According to local legend, the town of Picher, Oklahoma, was created by accident. In 1914, the Picher Lead Company of Joplin, Missouri, sent workers to deliver equipment to a site in Oklahoma. Their truck got mired in the mud, however, and to relieve their boredom, the men drilled a hole. Surprisingly, they hit something—a thick vein of zinc and lead. The company set up shop, and the town of Picher sprung up around the new mines.
By the 1920s, the area was the country’s number-one producer of the two metals, the source of most metal used in ammunition in World War I and II. When the mines began to run dry in the 1960s, most companies packed up and left. In the end, however, that wasn’t what killed the town: The mining had resulted in extremely high levels of lead poisoning among residents, along with a spike in cancer rates, leading the Environmental Protection Agency to dub the town and its surrounding area the most contaminated place in America. The government began buying out residents’ homes in 2005, closing the town for good in 2009.
American photojournalist Seph Lawless has visited Picher several times over the years. The town is technically closed off, and for good reason—extensive mining underneath much of the town made the ground unstable and prone to collapse. “At one point, my foot actually fell through the ground as a huge sinkhole began opening up and I jumped to safety,” Lawless recalled. “There’s an eerie silence as I walked around the ghost town alone. I didn’t hear birds or see any signs of life—it was surreal.” The wind blew tiny bits of rock against his face. Known as chat, this fine gravel is a byproduct of zinc and lead mining, and huge mounds of it ring the town like a mountain range.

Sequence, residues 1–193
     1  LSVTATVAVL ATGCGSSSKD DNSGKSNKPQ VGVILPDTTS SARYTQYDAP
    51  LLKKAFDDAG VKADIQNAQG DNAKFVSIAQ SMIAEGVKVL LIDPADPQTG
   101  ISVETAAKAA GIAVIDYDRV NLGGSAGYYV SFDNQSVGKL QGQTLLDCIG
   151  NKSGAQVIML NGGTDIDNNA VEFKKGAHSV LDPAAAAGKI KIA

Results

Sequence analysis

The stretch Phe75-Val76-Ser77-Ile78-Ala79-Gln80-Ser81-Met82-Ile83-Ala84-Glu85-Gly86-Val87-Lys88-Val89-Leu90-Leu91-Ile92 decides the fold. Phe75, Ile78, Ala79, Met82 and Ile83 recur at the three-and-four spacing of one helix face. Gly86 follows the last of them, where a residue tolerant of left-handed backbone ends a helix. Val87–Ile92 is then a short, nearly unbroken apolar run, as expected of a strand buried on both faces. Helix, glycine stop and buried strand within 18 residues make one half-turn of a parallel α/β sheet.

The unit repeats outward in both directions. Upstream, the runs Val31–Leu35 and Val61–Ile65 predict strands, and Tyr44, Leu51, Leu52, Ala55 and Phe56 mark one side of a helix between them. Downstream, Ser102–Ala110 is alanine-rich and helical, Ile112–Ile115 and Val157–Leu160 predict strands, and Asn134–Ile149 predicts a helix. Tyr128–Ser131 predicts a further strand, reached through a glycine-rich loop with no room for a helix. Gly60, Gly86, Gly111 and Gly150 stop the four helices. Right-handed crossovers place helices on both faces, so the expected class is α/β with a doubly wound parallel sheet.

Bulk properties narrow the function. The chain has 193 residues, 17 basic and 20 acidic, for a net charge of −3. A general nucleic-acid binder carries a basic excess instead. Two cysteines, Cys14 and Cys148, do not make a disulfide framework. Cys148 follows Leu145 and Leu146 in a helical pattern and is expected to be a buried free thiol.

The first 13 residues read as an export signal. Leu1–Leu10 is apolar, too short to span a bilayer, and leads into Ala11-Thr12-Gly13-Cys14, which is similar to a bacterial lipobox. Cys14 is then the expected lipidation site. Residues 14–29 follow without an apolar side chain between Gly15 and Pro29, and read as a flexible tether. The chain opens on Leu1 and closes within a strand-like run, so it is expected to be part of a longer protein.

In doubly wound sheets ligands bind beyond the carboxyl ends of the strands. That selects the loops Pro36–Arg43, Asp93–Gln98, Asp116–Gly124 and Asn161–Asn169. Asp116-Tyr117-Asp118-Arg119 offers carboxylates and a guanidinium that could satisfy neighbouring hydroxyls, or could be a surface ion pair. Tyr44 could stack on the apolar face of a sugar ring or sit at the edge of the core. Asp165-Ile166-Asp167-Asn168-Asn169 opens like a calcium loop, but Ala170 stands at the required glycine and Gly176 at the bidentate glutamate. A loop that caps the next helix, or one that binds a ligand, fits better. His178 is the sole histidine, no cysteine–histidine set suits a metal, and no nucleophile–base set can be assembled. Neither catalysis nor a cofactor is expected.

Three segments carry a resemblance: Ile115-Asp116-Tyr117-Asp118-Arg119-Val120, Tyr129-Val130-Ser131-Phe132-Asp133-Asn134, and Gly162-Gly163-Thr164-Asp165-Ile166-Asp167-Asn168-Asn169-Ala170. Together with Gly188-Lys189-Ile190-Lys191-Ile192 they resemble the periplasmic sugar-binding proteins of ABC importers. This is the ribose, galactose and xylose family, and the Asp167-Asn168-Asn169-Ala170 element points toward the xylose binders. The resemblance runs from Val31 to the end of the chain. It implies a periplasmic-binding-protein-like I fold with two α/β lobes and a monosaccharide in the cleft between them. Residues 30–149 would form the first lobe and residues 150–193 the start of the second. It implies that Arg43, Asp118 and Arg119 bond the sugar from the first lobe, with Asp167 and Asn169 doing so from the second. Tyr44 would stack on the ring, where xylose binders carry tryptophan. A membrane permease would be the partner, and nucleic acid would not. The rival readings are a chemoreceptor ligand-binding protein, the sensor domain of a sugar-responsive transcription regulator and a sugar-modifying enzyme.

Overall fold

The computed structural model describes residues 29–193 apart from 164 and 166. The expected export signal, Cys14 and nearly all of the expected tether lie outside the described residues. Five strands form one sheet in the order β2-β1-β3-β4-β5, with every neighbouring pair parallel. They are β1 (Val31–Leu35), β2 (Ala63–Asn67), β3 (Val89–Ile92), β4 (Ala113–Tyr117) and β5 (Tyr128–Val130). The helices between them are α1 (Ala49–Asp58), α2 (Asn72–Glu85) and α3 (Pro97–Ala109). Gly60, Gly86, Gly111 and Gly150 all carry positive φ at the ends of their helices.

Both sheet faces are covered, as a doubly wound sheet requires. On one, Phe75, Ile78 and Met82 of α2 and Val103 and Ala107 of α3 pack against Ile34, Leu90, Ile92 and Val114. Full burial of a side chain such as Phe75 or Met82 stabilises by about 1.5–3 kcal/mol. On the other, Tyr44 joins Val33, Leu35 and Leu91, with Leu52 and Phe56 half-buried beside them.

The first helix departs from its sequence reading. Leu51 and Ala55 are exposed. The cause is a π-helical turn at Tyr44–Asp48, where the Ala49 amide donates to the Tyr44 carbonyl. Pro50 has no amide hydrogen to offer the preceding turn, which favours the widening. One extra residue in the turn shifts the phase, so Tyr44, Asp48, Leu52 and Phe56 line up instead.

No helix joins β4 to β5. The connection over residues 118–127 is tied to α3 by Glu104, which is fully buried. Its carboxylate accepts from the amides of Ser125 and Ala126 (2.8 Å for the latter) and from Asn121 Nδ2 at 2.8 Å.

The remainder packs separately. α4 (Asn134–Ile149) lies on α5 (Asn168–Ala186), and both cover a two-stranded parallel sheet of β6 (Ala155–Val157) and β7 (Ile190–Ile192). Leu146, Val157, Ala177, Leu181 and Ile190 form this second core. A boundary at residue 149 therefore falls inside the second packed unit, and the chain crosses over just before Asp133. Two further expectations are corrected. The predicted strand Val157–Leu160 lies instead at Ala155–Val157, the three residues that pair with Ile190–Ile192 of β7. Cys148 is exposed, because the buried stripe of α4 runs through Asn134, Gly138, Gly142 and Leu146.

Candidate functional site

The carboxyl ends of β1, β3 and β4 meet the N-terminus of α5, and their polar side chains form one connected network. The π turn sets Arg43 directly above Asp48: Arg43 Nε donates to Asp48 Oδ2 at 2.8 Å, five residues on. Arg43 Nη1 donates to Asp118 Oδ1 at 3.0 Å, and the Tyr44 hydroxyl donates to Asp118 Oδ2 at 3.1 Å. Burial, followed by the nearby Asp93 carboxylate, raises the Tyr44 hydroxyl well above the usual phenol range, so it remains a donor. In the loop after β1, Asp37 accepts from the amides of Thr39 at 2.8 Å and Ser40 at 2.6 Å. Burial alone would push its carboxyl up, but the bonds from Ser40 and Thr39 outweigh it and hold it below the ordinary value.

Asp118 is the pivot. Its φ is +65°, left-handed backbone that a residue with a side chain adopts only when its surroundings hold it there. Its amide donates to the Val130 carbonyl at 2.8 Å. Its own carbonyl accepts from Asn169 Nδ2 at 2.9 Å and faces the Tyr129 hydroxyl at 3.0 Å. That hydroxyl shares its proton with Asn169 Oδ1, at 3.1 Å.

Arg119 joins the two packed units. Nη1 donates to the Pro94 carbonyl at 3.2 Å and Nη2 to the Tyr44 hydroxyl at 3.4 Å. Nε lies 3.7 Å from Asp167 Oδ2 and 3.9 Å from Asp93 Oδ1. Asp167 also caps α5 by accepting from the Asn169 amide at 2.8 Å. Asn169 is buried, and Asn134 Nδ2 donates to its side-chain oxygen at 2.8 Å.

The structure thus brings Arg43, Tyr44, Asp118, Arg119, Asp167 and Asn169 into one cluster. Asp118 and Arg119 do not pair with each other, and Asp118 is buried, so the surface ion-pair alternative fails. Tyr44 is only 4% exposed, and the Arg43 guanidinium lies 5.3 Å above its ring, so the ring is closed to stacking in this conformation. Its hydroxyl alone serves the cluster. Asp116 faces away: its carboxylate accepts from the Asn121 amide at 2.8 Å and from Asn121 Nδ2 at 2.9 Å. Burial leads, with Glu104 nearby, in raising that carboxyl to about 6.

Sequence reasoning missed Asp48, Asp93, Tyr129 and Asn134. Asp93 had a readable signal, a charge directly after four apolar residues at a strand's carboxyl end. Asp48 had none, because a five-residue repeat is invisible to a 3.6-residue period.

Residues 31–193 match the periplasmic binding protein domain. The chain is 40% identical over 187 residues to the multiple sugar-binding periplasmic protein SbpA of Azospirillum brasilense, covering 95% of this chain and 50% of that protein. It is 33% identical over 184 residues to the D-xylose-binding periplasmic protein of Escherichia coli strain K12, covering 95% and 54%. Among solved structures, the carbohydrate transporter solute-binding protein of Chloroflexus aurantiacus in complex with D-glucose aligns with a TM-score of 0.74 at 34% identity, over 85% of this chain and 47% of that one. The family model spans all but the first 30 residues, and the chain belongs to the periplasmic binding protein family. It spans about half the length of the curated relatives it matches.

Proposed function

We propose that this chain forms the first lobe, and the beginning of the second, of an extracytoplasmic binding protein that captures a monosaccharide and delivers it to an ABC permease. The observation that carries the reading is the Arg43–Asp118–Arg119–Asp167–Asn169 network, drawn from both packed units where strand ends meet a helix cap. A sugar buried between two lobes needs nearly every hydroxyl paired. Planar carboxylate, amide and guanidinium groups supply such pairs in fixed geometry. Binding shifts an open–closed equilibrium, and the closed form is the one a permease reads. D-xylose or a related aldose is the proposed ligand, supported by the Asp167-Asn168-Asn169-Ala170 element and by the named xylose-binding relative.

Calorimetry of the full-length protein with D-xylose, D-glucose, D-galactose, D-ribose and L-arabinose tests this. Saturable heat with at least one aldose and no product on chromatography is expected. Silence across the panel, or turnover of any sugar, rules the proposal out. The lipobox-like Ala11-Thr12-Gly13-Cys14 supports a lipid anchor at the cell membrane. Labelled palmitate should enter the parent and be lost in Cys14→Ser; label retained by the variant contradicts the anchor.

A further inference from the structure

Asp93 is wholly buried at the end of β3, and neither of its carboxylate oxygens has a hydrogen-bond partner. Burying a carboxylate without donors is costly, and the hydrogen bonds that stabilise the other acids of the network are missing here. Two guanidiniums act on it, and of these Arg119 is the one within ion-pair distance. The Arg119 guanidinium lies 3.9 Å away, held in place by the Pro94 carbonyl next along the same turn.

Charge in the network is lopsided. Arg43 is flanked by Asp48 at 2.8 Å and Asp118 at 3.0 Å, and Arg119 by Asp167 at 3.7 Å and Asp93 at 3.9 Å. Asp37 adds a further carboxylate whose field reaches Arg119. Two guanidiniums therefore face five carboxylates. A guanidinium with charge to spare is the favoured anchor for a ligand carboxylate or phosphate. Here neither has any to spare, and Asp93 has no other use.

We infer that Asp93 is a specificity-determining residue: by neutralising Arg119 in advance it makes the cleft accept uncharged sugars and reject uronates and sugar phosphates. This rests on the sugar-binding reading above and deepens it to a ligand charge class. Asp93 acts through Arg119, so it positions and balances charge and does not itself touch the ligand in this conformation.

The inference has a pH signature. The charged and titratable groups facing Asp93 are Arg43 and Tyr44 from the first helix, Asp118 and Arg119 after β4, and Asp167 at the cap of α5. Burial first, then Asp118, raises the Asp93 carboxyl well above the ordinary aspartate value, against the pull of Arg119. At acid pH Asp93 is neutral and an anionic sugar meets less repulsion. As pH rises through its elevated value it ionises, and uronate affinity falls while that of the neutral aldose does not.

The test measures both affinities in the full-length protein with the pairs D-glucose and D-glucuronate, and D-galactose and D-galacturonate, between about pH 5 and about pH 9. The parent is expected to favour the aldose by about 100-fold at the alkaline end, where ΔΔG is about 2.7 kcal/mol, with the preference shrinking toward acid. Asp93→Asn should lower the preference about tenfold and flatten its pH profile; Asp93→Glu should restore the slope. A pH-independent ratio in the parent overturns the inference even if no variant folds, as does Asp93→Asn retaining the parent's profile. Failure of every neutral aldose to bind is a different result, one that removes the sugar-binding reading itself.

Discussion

The photos reveal a desolate town, made up of a handful of dilapidated buildings that line a road of cracked asphalt. The clouds are threatening, hanging low and dark against the sky. But the interiors are equally apocalyptic: Brightly patterned clothes are hung up, left behind by a previous tenant—a reminder of the residents who were paid to move out of the town. In one abandoned front yard, a lone wicker chair remains.
Lawless hopes that his work will bring wider attention to the devastation. “I think people look at America, and we look at the skyscrapers and New York City, and we think America is great,” the photographer explained
last March. “And we are
a great country—I love my country to death, I really do. But hiding in the shadows [are] crumbling areas of my country that I want people to not forget about, too.”